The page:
did not convey the full and correct meaning. He turned the tables upon him, also, by declaring that, while Mather ceased to be a subscriber to his paper, "he sent his grandson every week to buy it; and, paying in this way a higher price, he was more of a supporter of the paper than ever." In the same issue, too, James said:
"I would likewise advise the enemies of the Courant not to publish any thing more against me unless they are willing to have the paper continued. What they have already done has been resented by the Town so much to my advantage, that above forty persons have subscribed for the Courant since the first of January, many of whom were before subscribers to the other papers. And by one Advertisement more, the Anti-Couranters will be in great danger of adding forty more to my list before the first of March."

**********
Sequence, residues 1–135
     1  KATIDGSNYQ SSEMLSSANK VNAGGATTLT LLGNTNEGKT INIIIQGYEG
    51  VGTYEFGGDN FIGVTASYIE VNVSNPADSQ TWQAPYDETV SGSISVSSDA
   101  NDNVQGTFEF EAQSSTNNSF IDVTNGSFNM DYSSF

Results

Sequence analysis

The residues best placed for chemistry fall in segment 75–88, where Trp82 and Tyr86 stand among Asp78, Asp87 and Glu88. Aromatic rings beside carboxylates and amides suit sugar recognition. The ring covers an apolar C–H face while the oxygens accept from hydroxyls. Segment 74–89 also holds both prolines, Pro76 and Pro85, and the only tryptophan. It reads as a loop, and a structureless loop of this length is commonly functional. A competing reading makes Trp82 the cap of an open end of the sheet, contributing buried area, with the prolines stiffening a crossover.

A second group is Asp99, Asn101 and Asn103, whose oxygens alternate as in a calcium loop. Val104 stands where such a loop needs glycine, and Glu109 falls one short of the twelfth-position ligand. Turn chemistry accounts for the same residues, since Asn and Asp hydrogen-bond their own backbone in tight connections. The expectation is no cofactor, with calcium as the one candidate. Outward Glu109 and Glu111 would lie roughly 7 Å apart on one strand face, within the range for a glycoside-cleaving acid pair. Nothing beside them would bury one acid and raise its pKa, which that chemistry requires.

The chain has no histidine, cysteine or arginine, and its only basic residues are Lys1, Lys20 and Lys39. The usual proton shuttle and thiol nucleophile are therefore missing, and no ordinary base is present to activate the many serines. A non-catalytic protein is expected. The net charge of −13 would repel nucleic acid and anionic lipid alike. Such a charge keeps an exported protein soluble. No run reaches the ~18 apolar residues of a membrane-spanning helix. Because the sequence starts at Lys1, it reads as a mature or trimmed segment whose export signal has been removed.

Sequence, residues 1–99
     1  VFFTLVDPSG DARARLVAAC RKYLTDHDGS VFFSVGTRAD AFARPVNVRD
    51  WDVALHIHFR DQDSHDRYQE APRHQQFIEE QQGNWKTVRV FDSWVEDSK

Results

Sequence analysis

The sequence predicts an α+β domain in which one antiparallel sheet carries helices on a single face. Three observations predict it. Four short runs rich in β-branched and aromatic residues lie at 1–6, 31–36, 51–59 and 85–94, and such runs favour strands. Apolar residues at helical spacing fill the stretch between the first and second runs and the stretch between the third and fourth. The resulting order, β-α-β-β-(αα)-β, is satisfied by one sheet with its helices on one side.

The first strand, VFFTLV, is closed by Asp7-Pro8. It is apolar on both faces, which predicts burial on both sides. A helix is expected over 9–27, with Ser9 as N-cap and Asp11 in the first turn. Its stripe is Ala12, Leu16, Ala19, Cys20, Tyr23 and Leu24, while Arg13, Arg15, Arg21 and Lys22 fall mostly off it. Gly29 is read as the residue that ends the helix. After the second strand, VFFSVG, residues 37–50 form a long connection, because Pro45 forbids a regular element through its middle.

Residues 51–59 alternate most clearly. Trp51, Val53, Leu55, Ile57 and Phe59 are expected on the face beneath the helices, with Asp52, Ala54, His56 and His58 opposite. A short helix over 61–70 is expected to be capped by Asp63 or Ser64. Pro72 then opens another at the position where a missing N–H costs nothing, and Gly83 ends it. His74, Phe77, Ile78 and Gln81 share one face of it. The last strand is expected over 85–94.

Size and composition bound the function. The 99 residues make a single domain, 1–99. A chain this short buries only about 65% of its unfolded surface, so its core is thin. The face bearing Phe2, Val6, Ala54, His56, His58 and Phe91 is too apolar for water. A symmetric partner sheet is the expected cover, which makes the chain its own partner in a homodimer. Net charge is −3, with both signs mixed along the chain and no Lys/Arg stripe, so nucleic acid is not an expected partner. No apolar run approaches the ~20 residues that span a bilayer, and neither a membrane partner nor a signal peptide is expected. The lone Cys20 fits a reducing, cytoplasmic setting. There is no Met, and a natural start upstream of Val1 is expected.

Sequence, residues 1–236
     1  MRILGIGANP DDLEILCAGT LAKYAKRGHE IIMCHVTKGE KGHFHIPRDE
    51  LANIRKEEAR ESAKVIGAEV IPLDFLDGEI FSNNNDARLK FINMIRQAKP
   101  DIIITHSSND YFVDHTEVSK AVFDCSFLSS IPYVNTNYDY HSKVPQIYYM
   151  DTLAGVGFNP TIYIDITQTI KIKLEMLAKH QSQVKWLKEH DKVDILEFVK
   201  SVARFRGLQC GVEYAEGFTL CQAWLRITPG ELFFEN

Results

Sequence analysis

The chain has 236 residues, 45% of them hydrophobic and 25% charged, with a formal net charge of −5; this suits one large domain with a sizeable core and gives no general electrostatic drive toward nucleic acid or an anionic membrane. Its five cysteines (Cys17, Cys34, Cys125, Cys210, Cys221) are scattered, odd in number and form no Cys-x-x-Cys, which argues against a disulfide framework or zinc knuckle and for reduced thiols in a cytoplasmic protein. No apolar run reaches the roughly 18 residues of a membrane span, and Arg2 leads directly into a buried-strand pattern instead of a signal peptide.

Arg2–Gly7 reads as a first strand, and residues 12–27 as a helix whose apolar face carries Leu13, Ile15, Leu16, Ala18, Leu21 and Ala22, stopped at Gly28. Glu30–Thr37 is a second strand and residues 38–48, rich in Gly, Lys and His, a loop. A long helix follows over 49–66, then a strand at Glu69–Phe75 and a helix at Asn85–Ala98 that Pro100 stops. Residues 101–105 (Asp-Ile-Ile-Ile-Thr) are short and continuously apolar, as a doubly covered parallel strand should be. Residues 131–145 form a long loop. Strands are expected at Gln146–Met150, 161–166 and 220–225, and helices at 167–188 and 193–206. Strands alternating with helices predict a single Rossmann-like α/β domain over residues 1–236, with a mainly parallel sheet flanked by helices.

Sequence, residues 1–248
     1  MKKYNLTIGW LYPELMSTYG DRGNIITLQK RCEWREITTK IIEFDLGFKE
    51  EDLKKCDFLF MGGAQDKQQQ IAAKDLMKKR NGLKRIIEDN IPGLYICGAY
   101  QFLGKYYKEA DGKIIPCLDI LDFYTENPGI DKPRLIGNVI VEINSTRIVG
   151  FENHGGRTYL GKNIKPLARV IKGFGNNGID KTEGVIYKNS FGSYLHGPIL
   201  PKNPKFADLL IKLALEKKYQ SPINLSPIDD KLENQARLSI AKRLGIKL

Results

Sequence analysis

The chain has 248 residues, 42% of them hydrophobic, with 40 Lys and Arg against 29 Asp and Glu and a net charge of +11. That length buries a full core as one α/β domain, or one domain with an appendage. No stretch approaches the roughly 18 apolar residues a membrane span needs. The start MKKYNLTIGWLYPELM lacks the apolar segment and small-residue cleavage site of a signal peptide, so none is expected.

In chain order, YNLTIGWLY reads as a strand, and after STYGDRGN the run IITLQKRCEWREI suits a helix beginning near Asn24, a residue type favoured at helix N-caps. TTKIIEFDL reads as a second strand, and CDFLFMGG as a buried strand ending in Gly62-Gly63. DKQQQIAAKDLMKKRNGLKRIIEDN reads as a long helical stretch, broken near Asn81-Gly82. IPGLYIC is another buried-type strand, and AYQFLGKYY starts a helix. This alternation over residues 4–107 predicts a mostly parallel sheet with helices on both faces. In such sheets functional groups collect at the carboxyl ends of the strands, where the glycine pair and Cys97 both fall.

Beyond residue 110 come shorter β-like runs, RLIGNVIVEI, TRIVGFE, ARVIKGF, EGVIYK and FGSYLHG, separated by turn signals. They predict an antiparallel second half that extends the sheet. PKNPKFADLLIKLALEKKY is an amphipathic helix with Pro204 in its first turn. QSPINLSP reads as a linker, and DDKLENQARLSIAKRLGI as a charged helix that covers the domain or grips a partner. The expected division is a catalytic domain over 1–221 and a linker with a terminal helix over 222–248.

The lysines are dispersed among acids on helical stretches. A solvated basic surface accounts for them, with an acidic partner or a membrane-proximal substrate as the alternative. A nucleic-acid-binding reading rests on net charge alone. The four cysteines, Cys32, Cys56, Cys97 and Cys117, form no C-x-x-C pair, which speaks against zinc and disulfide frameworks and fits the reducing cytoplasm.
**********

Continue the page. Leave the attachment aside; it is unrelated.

James showed that he did not say "if the Ministers of God approve of a thing, it is a Sign it is of the Devil"; but that he did say, "Most of the Ministers are for it, and that induces me to think it is from the Devil; for he often makes use of good